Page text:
The Summer of Zika

9780393609141_bd793On Fresh Air yesterday, host Terry Gross held a 30-minute conversation about Zika with Donald G. McNeil, a science reporter for The New York Times and author of the new book, Zika: The Emerging Epidemic (Norton; Random House Audio).

The two talk about how Zika is transmitted, its odd scale of danger, the Olympics, and the timeline for a vaccine.

McNeil says Zika is a mild infection in 99.99 percent of the cases. Only women who are pregnant or trying to become pregnant are at risk and the infection carries grave danger in those cases. This year is excepted to be the worst for infections as no one in the US has yet developed antibodies.

McNeil says that the scientific community is split on cancelling the Olympics due to Zika, pointing out that August is actually a low season for the insects.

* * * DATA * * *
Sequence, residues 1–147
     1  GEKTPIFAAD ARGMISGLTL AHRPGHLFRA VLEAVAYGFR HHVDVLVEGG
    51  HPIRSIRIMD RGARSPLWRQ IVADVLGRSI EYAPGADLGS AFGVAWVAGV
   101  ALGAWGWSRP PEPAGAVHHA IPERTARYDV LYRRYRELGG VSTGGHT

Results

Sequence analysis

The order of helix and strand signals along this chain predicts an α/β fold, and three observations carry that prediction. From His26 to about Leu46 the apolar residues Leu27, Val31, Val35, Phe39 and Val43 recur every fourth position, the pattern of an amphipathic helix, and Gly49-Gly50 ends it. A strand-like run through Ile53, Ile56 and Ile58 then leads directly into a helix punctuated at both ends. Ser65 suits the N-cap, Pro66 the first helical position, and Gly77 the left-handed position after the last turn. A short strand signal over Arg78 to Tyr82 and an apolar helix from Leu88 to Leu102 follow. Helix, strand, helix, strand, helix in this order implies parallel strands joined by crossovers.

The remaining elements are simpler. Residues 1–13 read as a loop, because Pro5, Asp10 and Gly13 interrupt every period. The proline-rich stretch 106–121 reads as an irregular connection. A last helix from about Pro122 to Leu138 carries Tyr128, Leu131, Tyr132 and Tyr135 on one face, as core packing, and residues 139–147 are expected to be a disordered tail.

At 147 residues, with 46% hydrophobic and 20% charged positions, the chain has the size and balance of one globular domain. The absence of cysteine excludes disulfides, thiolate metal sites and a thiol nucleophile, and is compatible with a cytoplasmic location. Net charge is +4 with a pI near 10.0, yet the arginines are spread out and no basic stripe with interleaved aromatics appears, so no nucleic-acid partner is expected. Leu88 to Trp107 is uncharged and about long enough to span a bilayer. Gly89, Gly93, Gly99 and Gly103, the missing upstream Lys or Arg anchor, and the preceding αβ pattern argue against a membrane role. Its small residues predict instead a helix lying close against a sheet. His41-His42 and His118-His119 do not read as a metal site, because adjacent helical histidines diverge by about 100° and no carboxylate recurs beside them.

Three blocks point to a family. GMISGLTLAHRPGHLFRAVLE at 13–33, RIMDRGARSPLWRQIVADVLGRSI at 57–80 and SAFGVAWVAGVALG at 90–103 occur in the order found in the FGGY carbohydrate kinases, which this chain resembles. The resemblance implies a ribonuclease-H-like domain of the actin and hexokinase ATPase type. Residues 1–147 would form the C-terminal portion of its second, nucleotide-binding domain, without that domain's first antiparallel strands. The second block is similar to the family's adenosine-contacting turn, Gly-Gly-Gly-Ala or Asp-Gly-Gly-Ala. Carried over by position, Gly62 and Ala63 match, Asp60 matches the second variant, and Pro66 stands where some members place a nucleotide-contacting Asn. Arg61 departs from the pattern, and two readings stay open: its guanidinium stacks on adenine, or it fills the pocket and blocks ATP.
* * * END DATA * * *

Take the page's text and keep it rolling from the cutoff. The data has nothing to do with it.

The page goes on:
The best way to prevent bites while sitting outside is simply to have fans blowing, says McNeil, the bugs have to expend a great deal of energy to fly and fans make it even more difficult for them.

The interview makes clear why this is likely to be one of the summer’s major topic of conversation.

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